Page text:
Eve Pearlman: A field of their own
For many children with disabilities, that 8 x 11 flyer that comes home from school in their backpack inviting them to Alameda Little League tryouts is a nonstarter. You can’t play baseball in a wheelchair! With a walker! If you can’t swing a bat!
But then there’s Miracle League baseball, a league of its own with rules of its own – developed to give children with disabilities an experience of camaraderie, team play, and weekend afternoon fun. Children play on a rubberized, accessible field. Everyone bats and everyone runs the bases.
The Alameda East Bay Miracle League, a local nonprofit based on a national model, was launched by Roberta Rockwell, an Alameda Unified School District speech/language pathologist (and teacher of the year in 2009).
Her aim? Giving local children the chance to just play ball.
Trust me on this: There is a good chance you will tear up if you watch a video of Miracle League baseball in action. In part, because it sets you to thinking about all the things children with disabilities might not regularly have an opportunity to do. And in part because of the joy on the players’ faces, which is unrestrained.
“If you are a special needs kid in Alameda and you have significant challenges, there’s a high likelihood that you are going to school with the same ten kids in a special classroom,” says Rockwell. “And there isn’t anything after school that is sports-related and team-related.”
Many special needs kids, says Rockwell, spend afternoons and weekends going to their able-bodied siblings’ athletic events. “I think it’s important for differently-abled kids to have brothers and sisters come to their games – and for the family to have the joy of watching their child play,” she said.
Miracle League baseball was launched in Georgia in 1996, and there are now 100 fields nationwide and 100 more on deck. But the Alameda journey toward Miracle baseball began in 2006 when Rockwell heard a news story while driving to work at Ameila Earhart Elementary. She thought of one of her students, Nicholas, who loves baseball but his disabilities – he has Charge Syndrome – prevent him from joining Little League. (Some little leagues have a Challenger Division – though Alameda does not.) “I thought, if he can get to school every day and smile,” Rockwell recalls, “how hard can it be to build a baseball field?’”
Rockwell began talking to people and sending out e-mail feelers. “Twenty people showed up at the first meeting. Most of them I never met before and not one of them had a disabled child,” said Rockwell. “It was heartwarming and most of them are still meeting every month.” They formed a nonprofit, began to fundraise, and set out finding a field location.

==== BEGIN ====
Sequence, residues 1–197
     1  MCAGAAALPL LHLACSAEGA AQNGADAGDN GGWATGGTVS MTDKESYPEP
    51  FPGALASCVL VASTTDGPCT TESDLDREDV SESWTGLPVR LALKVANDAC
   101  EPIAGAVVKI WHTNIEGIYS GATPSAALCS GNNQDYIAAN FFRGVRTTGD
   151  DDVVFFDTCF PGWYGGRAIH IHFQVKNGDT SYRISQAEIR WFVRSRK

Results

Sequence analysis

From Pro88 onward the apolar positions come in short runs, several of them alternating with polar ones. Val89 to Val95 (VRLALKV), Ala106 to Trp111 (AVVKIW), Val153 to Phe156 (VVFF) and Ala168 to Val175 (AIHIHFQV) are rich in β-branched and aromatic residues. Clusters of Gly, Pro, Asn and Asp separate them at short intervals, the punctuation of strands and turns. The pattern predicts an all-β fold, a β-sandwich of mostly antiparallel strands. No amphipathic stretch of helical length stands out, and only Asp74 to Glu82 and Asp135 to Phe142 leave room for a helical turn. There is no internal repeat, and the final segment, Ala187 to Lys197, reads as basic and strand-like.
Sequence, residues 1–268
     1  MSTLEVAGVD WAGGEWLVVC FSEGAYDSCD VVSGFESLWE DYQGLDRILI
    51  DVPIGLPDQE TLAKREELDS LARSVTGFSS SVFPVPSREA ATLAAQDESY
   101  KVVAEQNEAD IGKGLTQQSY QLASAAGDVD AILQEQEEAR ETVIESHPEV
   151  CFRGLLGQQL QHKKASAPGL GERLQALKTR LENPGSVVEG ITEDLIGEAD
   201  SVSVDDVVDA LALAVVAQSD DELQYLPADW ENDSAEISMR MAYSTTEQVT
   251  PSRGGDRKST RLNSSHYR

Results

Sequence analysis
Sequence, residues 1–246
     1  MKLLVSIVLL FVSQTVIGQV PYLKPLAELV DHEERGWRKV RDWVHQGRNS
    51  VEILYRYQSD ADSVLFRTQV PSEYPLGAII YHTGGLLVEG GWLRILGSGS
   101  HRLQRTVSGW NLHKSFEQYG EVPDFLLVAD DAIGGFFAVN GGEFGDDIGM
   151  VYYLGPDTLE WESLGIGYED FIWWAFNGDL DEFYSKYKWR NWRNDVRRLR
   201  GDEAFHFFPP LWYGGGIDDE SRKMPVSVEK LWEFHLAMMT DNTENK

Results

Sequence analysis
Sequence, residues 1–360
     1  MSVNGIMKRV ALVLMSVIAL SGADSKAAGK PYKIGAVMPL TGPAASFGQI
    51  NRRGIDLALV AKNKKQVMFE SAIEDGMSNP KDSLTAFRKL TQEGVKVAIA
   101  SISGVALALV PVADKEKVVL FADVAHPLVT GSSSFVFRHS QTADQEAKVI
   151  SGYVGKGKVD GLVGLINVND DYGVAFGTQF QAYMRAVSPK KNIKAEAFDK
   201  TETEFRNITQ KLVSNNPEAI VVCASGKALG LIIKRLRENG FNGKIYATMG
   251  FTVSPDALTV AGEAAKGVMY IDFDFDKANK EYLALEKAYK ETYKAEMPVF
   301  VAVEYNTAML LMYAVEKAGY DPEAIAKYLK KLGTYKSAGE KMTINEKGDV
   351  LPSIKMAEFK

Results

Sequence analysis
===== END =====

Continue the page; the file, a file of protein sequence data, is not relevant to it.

The city became interested – the Americans with Disabilities Act requires municipalities to offer the same opportunities for able-bodied children and disabled children – and Catellus, the Alameda Landing developer, pledged $500,000 to help fund construction of a field. A location was selected – an out-of-use baseball field off Singleton Avenue – and the property is in the process of being transferred from the Navy to the city. “It’s already gone through the Department of the Interior and the national parks have given an okay,” said Rockwell. “And now it just needs to go through HUD.” Then, says Rockwell, the city needs to approve the field plan and then the Miracle League can return to prospective donors with land in hand.
In an era in which youth sports can be so intensely competitive, the Miracle League is a great reminder that the first goal of youth sports, for all children and families, ought to be fun – as well as a chance to be part of a community, to be outdoors, to strive to do better, to practice not just sports but sportsmanship.
“Every parent cheers for every child,” said Rockwell of Miracle League games. “They’re very much in touch with the core purpose – they know that the reason for sports is to have a good time.”
On March 13, Alameda’s Back to Health Chiropractic will sponsor a benefit for the Alameda East Bay Miracle League, a third annual Saint Paddy’s Day Dash. It’s a 5k fun run/walk with a free ‘little leprechaun’ half miler. You can register here, and let’s hope this field – which Rockwell says will also be used by seniors and veterans, anyone for whom a level, accessible, rubberized field allows for participation – is completed sooner rather than later.
Eve Pearlman offers her take on Alameda’s stories, big and small, every Friday on The Island. Contact her at firstname.lastname@example.org.